Valency Relations

One of the core concepts of the tectogrammatical layer – valency theory – has been developing since 1970s; a substantial summary is provided in Panevová (1974-5), Panevová (1980) and Panevová (1994). Valency is the ability of a word (prototypically a verb) to open a certain number of positions for other, dependent language units. These valency positions are occupied by valency complementations, which are distinguished into inner participants and free (adverbial) modifications on the basis of their syntactic behavior.

  • Five inner participants have been determined. Two of them – Actor and Patient – are specified rather syntactically (corresponding to the 1st and 2nd argument of the given verb, respectively), than on the semantic basis; if the verb contains three (or more) valency positions, there is a choice among (relatively semantically homogenous) Addressee and Origin, and (heterogenous) Effect.
  • Free modifications express the circumstances such as time, place, direction, manner etc., which may be further subclassified by subfunctors.

The set of valency positions characteristic of a word in one of its senses is called a valency frame of the given word in the given sense.

Further, obligatory (in deep representation) and optional complementations are distinguished. For the determination of obligatoriness of a valency position, a dialogue test is formulated (Panevová, 1974-75); the test can be illustrated by the following dialogue:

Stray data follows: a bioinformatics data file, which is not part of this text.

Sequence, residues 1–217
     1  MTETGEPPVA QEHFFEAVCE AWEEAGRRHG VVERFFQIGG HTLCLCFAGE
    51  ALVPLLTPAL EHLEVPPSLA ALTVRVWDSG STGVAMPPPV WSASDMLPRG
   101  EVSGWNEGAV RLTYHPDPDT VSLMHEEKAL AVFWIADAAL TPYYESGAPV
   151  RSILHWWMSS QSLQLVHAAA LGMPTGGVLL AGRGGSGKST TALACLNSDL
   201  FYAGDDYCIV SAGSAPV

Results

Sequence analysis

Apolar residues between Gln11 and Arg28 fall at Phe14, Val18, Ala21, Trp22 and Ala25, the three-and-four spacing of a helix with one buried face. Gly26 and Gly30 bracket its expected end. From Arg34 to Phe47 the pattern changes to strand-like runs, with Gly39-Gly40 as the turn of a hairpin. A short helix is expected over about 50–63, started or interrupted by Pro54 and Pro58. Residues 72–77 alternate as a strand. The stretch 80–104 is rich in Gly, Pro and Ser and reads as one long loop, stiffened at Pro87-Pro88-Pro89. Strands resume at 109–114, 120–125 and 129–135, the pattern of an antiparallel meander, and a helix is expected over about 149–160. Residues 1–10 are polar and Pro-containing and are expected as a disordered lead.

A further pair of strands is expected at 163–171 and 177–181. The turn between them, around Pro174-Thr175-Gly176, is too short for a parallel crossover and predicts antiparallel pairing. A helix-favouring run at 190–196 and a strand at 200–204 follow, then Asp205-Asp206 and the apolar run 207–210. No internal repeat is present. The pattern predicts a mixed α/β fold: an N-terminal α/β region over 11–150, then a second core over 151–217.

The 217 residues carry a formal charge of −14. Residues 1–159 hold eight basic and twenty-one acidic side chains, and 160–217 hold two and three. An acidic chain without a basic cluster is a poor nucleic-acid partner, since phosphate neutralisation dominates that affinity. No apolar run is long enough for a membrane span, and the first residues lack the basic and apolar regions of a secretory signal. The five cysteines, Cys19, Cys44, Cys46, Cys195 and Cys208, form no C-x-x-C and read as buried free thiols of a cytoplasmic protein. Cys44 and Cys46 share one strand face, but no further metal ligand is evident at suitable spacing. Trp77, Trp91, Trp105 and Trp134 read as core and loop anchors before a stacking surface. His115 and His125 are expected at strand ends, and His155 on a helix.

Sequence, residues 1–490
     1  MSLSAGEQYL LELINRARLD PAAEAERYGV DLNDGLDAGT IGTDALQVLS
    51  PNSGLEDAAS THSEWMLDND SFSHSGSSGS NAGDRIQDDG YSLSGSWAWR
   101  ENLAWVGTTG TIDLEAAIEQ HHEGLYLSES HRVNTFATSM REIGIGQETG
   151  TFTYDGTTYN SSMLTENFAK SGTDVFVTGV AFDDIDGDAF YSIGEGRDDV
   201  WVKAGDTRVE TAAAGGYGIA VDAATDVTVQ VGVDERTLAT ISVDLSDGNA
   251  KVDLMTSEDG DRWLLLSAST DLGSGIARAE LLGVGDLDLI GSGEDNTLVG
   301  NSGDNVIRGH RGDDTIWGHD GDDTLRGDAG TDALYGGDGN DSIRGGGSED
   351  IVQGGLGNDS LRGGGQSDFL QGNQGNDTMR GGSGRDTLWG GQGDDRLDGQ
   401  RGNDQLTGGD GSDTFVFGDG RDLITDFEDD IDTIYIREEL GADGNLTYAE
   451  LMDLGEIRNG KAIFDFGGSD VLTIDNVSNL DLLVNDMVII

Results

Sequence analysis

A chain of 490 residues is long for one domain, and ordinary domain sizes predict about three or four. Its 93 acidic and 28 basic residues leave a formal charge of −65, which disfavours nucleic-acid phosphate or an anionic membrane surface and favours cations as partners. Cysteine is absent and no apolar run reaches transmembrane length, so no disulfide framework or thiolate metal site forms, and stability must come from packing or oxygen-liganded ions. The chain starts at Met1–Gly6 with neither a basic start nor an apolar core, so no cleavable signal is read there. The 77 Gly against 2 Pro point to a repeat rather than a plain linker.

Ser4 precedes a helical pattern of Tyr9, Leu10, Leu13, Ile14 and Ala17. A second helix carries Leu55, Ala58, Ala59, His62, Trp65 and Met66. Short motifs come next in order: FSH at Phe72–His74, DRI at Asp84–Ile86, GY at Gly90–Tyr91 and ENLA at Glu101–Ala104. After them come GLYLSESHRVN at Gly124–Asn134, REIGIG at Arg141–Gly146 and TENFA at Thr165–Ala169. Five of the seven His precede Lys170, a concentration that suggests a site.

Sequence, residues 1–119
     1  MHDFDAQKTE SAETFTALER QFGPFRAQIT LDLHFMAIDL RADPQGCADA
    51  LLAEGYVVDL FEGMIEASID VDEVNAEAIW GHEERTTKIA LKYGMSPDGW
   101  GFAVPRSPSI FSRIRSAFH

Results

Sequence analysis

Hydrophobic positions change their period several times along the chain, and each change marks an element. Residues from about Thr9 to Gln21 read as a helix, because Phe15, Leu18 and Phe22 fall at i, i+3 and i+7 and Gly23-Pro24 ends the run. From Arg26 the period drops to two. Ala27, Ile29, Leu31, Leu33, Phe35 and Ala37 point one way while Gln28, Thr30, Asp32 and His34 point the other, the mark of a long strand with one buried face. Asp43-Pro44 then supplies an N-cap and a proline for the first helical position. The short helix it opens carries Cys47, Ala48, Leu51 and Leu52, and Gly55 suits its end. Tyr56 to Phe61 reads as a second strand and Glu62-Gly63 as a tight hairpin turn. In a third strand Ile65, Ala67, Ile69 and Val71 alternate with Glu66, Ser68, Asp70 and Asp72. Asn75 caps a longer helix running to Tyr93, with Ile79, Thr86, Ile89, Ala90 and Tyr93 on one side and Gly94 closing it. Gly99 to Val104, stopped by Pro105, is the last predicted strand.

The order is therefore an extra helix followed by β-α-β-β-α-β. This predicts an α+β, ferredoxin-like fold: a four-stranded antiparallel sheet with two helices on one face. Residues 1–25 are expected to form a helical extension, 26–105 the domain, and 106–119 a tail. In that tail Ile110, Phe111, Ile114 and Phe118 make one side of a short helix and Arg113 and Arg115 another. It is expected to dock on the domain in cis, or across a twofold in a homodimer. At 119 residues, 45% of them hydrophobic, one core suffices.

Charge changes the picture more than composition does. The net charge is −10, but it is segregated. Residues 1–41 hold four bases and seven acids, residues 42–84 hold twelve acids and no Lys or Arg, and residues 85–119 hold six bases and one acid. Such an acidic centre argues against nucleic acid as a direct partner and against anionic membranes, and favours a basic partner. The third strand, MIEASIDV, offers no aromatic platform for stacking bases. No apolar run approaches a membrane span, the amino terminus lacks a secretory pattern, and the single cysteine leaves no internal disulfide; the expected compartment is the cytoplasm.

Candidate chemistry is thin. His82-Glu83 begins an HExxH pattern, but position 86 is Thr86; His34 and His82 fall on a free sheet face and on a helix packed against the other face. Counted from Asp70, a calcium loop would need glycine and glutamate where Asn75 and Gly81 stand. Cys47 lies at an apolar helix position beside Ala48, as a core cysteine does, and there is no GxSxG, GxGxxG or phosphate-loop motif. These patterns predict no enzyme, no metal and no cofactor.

• A: Děti přišly.  Eng. The children came.
  • B: Kam?         Eng. Where?
  • A: *Nevím.      Eng. *I don’t know.

The unacceptability of the answer “I don’t know” in the dialogue above indicates the obligatoriness of the free modification of direction where? for the verb přijít [to come].

There are other valency positions governed by a verb that are optional – they may be present in the meaning representation of a sentence; however, their omission does not result in semantically or grammatically incorrect sentences, e.g., Petr se pevně držel (zábradlí)  (Eng. Peter held on firmly (to the railing)), Eva se najedla (ovoce) (Eng. Eve has eaten (some fruit)), and Dívka píše (mamince) dopis (Eng. A girl is writing a letter (to her mum)).

In the surface realization of a sentence, participants usually occur in a certain morphemic form which is given by the requirements of the governing verb. Thus the Actor in an active sentence is prototypically expressed by the nominative while the Patient is usually realized as the accusative, e.g. PetrACT-nom ztratil botuPAT-acc (Eng. PeterACT lost his shoePAT). Other verbs require the Actor in the dative, e.g., PetroviACT-dat se ve škole líbilo (Eng. PeterACT likes the school), other verbs require the Patient to be in the dative, e.g., RodičeACT-nom bránili jejich štěstí.PAT-dat (Eng. ParentsACT obstructed their happinessPAT), or in the form of a prepositional group, e.g., Doufali ve vítězstvíPAT-v+acc (Eng. They hoped for victoryPAT). On the other hand, the morphemic expression of free modifications are usually implied by their meaning, e.g., Děti přišly domů / do školy / na hřištěDIR3 (Eng. Children came home/to the school/to the playgroundDIR3), not by the grammatical properties of the governing verb.

The valency theory developed within FGD is applied in several valency lexicons of Czech, esp. VALLEX (Lopatková et al, 2008) and PDT-Vallex (Urešová, 2011), and of English, EngVallex (Cinková, 2006).